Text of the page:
“(The Heisman Trophy) was not that prominent, especially back in our part of the country,” Green said. “It was not like, ‘Gee, looks like Billy’s probably going to win to the Heisman,’ like today. You start about (October), people start thinking about who the possible candidates are for the Heisman. That didn’t happen at all.”
It wasn’t to say the Heisman Trophy wasn’t a big deal. It just wasn’t the presentation fans have come to tune into each December with myriad cameras and lights shining on a handful of college football’s finest players with their coaches and families behind them and the past winners in attendance, waiting to initiate the next member into one of sports’ most-exclusive fraternities.
The humble roots of the Heisman Trophy, however, lend to its significance today.
“There’s so much tradition tied up in that award, that all of a sudden you get this sense that this is something that’s going to happen that is going to forever impact the life of the person who wins it,” Mossman said of seeing the live ceremony. “They talk about that a lot when you’re up there. Once you’re a Heisman winner, that’s really what you are the rest of your life. You’re going to be identified as that.”
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Not every Heisman candidate is made equal in the age of television and social media. Increasingly, the Heisman moment can propel a campaign in the era of viral video.
Desmond Howard’s stiff arm. Johnny Manziel running for his life against Alabama. Bradford’s helicopter flip at Oklahoma State.
Nearly two decades has elapsed since Superman arrived for a brief moment at Dallas’ Cotton Bowl.
Two minutes remained in regulation, and the No. 5 Longhorns trailed the No. 3 Sooners 7-3 on Oct. 6, 2001. Oklahoma safety Roy Williams soared over a Texas running back and flew headfirst toward quarterback Chris Simms.
As the Texas quarterback dropped inside his end zone, he cocked his arm with the football in his left hand vulnerable to the airborne Sooner, who draped himself like a cape over Simms. Oklahoma linebacker Teddy Lehman was perfectly planted a few yards away to snatch the ball his teammate knocked free, walk in the score and spoil any of hope of a late rally for the rival Longhorns.
Williams’ play is now regarded as one of the most iconic moments in the Red River rivalry’s fabled history, and for Mossman, it was just as important in the weeks to follow.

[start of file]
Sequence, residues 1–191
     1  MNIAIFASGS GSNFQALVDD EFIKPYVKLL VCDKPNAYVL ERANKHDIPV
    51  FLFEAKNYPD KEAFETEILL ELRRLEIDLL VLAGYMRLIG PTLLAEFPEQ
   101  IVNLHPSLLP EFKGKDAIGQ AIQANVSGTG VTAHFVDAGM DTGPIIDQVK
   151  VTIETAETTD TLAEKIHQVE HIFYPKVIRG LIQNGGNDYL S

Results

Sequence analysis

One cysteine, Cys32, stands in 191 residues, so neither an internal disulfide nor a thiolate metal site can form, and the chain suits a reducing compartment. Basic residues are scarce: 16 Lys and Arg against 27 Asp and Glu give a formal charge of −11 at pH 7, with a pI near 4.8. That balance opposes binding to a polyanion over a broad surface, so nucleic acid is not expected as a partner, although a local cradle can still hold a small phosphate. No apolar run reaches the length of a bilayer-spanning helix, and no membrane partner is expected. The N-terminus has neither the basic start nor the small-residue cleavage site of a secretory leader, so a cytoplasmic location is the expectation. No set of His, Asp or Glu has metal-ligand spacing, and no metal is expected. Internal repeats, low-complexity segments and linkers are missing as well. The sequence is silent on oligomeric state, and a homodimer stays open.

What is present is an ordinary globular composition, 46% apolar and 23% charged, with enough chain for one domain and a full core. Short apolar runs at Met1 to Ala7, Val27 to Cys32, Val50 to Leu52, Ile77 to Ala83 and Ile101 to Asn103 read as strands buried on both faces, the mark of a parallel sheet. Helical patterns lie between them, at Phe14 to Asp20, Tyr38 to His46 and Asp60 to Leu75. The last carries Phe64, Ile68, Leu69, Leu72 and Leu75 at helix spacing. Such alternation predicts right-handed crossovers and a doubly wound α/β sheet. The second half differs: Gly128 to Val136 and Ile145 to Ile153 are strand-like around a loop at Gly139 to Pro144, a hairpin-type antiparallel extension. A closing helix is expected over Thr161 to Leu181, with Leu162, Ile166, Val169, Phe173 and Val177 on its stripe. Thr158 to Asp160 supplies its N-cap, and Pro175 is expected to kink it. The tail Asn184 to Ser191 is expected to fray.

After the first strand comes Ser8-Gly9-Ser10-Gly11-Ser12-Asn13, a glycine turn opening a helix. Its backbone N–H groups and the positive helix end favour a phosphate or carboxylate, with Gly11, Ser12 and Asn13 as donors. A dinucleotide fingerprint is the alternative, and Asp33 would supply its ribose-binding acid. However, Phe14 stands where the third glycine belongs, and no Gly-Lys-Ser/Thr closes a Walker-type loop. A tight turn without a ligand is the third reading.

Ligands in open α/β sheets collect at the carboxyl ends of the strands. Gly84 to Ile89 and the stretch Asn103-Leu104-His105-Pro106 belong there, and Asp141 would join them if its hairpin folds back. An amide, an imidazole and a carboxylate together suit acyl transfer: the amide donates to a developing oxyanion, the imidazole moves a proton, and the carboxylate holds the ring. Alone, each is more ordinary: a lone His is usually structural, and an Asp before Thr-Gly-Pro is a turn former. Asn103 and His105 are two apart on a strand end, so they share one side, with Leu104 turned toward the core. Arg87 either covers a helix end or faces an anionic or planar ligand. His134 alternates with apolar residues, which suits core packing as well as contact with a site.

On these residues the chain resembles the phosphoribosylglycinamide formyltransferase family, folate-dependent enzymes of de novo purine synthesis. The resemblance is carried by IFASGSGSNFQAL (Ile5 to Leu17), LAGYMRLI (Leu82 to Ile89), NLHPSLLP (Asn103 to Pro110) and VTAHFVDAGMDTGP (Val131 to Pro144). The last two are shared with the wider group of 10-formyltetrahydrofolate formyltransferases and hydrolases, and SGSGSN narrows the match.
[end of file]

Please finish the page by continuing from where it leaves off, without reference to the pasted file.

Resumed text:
“‘Superman’ was a gift on a platter for us,” Mossman said.
The junior safety’s signature play was as clear as the Texas skies the day he etched his name in Sooners lore. The play was perfect to promote a Heisman Trophy candidate, and Williams became a strong contender for the award with the aid of his highlights and the campaigning from the Oklahoma athletics department.
“Defensive players are so much harder to promote for that award,” Mossman said. “So we had to get a little bit more creative, and I felt like we are able to do that. Roy helped a lot quite honestly, because he made some spectacular plays that got a lot of national video coverage. I just felt like we took a defensive player and really made him a serious threat.”
Williams ultimately finished seventh in the voting. It’s a feat Mossman is still proud of to this day, considering Williams’ primary kryptonite was playing defense.
Two years later, Mossman made it to his first Heisman presentation with Jason White. The trip was as grand as the city that hosts the ceremony. It made it even better coming during the holiday season, he said. Once the day arrives, however, tension gradually builds inside the intimate confines of the 2,100-seat venue where the ceremony is held.
It’s an overwhelming process only 80 men who’ve been presented the trophy have experienced, but the relief following the show is well worth the wait to go down forever in history as a Heisman Trophy winner.
“The buildup is very significant,” Mossman said. “And then, of course, right before they present the trophy, they go to commercial, so they take it out even longer. It’s really overwhelming.The other thing I think that’s overwhelming about it — you do get some sense of this on television — is so many of the past winners are there, and you’re talking about a who’s who of college football.
“The greatest names to ever play the game.”